Jumilla was one of the wine-producing regions that during the 1990s became fully involved in the modern era of Spanish wines. Ways began to be found of improving the vineyards; new wine-making techniques were adopted and young, enthusiastic oenologists transformed the region, with their revolutionary ideas helping to fulfil its potential. Today these wines are at the top of the country's most exported list and their quality is well-known all over the world.
One of the main reasons for this new age is the local red Monastrell grape variety which, responding to careful attention in the vineyard and prudent treatment in the bodega, produces well-structured, flavoursome and meaty wines with definite personality. Always using this indigenous grape as a starting point and with the intention of making certain wines more complex, in recent years international varieties like Syrah, Cabernet Sauvignon and Petit Verdot have been incorporated into the vineyards.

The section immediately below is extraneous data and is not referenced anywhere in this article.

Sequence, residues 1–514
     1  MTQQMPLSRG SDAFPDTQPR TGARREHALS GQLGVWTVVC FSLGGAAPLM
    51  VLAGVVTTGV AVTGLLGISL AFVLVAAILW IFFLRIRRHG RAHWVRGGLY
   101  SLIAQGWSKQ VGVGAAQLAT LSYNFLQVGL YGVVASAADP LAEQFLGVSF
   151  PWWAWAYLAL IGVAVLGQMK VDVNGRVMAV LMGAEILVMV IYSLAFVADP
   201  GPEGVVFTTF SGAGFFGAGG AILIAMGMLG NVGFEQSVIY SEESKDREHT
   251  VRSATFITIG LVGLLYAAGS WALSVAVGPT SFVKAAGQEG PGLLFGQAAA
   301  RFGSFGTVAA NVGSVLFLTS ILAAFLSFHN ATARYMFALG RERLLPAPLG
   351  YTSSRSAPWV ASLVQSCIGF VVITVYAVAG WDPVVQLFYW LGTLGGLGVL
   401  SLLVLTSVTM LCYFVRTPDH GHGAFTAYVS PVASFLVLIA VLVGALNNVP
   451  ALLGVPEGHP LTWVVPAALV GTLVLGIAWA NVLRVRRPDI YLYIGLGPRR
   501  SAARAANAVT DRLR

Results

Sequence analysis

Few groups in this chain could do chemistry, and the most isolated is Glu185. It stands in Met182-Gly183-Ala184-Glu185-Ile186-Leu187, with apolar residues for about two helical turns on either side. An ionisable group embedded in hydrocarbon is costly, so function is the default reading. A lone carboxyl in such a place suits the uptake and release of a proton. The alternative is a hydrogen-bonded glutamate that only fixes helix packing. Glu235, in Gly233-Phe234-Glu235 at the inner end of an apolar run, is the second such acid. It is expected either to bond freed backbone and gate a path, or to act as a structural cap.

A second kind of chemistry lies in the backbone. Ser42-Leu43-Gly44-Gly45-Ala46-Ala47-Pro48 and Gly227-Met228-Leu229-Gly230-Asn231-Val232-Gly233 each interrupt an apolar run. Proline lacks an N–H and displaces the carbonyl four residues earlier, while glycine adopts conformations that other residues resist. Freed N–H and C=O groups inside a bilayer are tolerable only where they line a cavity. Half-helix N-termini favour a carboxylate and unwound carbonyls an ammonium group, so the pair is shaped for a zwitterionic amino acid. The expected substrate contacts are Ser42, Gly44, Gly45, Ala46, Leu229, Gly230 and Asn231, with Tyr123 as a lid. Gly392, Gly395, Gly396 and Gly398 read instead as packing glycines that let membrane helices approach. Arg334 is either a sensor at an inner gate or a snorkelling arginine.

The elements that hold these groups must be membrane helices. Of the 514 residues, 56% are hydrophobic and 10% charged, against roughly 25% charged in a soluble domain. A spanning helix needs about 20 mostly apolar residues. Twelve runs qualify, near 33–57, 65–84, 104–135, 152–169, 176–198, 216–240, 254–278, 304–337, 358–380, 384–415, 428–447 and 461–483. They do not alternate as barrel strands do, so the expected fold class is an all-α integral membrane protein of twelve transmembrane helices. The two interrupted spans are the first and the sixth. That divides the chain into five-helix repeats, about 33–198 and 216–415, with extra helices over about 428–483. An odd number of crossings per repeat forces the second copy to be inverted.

Located in the far south-east of the country and midway between the La Mancha plateau and Murcia, the region's lands are divided between the south of Albacete province and the north of Murcia. Despite this being an inland area lying away from the coast, the climate is Mediterranean with some continental influences in Albacete. Arid-looking, the soil is brownish-grey limestone and poor in organic material.